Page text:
Blogs and message boards are a great way to discuss research questions. Some discussions I’ve seen recently:
- Is it better to do one long survey or multiple shorter surveys?
- Is qualitative research or quantitative research more likely to result in usable insights?
- Should researchers be using CATI interviews or online panels?
- Are focus groups superior to IDIs, or do IDIs provide greater insights?
- Are traditional focus groups better than online qualitative, or is it the other way around?
- Are online panels better than social media sampling, or vice versa?
The fascinating thing is that in every case, the posed question is then followed by multiple answers and discussion of which option is right. People passionately defend their selection and denigrate the other choice. I’ve even seen some nasty comments and arguments arise from these debates.
The funny thing is that to have a blanket debate like this on these topics is largely pointless.
There simply is no overall answer to whether qualitative projects should be online or face-to-face. There is no way to answer whether qualitative or quantitative work generates greater insight. That’s like arguing whether every American would be better off driving a minivan, a family sedan, or a pickup truck. If you want to haul lumber and tow your boat, you drive a pickup. If you want to take your six kids to the soccer game, you drive a minivan.
To put it bluntly, saying a minivan is simply a better vehicle than a family sedan is, well, rather dumb. So is saying IDIs are simply better than focus groups (or the other way ‘round).
As researchers, part of our responsibility is to know the best way of getting the insights we seek, taking into consideration the target audience, the geography, the budget, the timeline, the topic, and the information objectives. There are times when telephone research is the best option. There are other times when the project is much more appropriate for an online approach. And guess what – there are even times when mail surveys or intercept interviews are the preferable way to go.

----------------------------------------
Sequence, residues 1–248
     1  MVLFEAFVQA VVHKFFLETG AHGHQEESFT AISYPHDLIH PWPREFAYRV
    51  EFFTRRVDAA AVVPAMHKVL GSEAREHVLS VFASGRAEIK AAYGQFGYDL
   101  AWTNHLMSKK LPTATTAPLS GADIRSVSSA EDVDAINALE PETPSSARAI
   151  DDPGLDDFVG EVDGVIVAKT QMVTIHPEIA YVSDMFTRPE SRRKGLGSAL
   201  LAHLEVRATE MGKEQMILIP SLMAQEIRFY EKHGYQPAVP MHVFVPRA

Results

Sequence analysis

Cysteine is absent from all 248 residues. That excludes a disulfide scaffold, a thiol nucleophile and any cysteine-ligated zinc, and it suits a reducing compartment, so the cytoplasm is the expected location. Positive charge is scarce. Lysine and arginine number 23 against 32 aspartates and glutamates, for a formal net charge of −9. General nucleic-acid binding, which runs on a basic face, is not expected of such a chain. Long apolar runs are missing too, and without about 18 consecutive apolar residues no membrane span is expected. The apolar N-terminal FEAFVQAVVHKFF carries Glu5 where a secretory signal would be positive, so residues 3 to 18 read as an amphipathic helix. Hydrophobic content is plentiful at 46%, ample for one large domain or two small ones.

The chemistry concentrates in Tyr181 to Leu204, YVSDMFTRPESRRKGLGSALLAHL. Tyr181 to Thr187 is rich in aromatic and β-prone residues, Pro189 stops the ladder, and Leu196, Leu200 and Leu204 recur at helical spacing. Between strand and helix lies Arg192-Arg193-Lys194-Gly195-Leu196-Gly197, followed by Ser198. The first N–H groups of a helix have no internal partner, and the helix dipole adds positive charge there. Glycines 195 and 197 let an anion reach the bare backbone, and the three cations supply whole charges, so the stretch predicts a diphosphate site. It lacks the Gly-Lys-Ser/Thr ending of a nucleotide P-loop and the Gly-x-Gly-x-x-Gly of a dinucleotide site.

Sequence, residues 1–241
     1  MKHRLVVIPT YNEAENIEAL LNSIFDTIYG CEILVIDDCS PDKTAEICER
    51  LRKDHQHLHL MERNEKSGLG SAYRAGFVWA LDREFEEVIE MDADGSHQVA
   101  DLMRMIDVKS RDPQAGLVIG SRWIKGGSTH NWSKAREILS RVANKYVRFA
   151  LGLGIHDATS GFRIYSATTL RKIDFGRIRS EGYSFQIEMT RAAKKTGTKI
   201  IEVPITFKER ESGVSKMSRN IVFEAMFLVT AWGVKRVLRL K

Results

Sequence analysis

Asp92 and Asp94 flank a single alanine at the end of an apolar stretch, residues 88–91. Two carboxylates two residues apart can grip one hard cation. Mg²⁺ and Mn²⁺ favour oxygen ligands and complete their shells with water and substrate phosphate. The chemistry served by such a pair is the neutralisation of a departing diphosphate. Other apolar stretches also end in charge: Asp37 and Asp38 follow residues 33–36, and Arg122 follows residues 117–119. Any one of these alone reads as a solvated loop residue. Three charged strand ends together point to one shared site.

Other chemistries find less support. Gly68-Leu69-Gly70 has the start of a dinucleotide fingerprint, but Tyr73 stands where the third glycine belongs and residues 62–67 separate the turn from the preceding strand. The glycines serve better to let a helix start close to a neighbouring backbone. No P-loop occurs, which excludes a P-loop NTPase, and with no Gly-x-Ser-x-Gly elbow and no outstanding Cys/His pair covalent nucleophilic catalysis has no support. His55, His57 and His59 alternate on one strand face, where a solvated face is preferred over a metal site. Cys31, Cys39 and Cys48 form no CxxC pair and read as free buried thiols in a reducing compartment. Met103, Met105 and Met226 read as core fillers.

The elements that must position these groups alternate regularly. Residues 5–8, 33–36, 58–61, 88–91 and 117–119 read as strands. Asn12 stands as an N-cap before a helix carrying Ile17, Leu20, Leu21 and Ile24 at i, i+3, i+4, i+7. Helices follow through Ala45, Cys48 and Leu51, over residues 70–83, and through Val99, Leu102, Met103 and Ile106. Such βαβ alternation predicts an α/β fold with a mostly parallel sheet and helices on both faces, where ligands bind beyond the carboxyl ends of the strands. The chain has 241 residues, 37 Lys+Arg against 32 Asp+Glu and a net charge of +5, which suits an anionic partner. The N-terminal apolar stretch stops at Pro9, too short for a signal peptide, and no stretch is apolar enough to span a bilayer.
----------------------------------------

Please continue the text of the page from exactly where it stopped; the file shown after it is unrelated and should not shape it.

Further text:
So can we stop arguing over what’s the “best” methodology? There is no “best” methodology or approach, other than the fact the “best” methodology is the one that will be most ideal for the specific project at hand.
Unless you really think that everyone in the world should drive a minivan.
Originally published at The Green Book Blog
About the Author:
Ron Sellers has 23 years of experience designing and conducting research that makes a difference. Thirteen of those years were spent running Ellison Research, which he acquired in 2008 and rebranded into Grey Matter. Ron’s work has been cited extensively by the international media, including Harvard Business Review, Associated Press, USA Today, Los Angeles Times, Financial Times of London, USA Radio Network, Washington Post, and a host of other media in the U.S., China, Sweden, Russia, New Zealand, Korea, Canada, the Philippines, Norway, Australia, England, and Central America. His work has even been used in panel hearings before the U.S. Senate and quoted in Jay Leno’s opening monologue on The Tonight Show.